My Sketching Materials

Reviewing my sketching kit, my most important consideration is to keep my kit as simple, compact and lightweight as possible.  All the items below, except for the sketchbook fit in a small pencil case.


There are many sketchbooks to choose from in an art supply store. The factors to consider are paper quality, size and weight.

– The paper needs to be heavy enough for watercolour washes

– A5 is a good size for on location sketching, compact and lightweight.

These are my favourites:

Stillman and Birn Zeta Range

Hardback 5.5 x 8.5inches

Or square 7.5 x 7.5 inches

Stillman and Birn Zeta Sketchbook

Stillman and Birn have a wide range of sketchbooks offering a choice of paper surface – cold pressed or smooth, lightweight or heavier.  My preference is the Zeta range – the smooth hot pressed paper is best suited for pen drawing and heavy enough for watercolour washes.

I use both the hardback version, as well as the square format in this Zeta range. The square sketchbook has a soft cover which is a little lighter, but sturdy enough, and allows for a wider panoramic view. Photo below shows A5 format on top, square format below.

Available from or

Watercolour Book A5 from Evans Art Supplies

This is another good option. The cold pressed paper is good for watercolour but a little rougher for pen drawing.


I like to use a small set of 12 half pan colours, and  there are many brands to choose from.

Highest artist quality is probably the Schminke Horadam range available from Kennedy Art, Harcourt St (€65 for 12 half pan set)

Schminke Horadam Half Pan Set

A more affordable alternative especially if you’re starting out, is the widely available Winsor and Newton Cotman sketcher pocket box priced around €20.  I’m currently trying out a Derwent Inktense pan set.


These are a handy alternative to a paint set, and there are many brands and options available. You use them like colouring pencils, then add water with a water brush (see below)  Depending on the quality they will be more or less soluble, but may leave some pencil lines that won’t completely dissolve. I like the Derwent Inktense range which includes pencils, blocks and a pan set.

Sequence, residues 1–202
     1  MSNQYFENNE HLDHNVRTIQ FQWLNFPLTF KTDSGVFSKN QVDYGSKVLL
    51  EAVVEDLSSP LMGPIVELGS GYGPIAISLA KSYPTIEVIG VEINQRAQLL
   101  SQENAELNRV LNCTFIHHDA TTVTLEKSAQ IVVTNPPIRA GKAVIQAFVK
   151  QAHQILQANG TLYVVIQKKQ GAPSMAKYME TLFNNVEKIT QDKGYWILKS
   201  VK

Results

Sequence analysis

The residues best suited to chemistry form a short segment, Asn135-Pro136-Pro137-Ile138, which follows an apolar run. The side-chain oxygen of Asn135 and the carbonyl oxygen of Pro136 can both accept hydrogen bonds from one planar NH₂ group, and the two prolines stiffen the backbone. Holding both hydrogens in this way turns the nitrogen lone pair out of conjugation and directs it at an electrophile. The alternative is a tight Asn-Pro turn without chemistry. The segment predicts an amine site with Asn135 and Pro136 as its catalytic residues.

Available in most art stores, a water brush has a barrel that can be filled with water and squeezed to release water onto the page. Super handy for immediate use with watercolour pans or pencils.


Most watercolour pan sets will include a small brush.  I carry 2  brushes,  one a flat watercolour brush with a short handle, about 1cm wide for laying in washes over larger areas of the page, as well as a compact folding brush that fits in my pan set.


I carry a selection of waterproof pens in sizes from 0.1 to 0.5.  Widely available in art or stationary stores such as Easons. There are several brands – Pitt, Micron, Staedtler, Unipin, and some are available as a set of 3 or 5 pens – just check that it says “waterproof”, so the ink won’t run when you apply watercolour on top.

My favourite pen right now is the Unipin Fine Line in Dark Grey, size 0.5. It marks like a pencil but won’t smudge.  I start all my sketches with this, so first marks are light, then add stronger, darker lines later on.

I also carry a white gel pen, useful for adding white detail like windowpanes to your sketch


For value studies, a set of markers in shades of grey. I like the Pitt Artist Pens in the Soft Brush format


A small round plastic lid – the simplest perspective tool! I’ll show you how!


Pencil case

Small dipper or jar for water, to attach to your paintbox

Paper Tissues

Bulldog clips to hold your page in place

Water bottle, sun visor, sun screen

Backpack or cross body bag

Optional three leg folding camp stool

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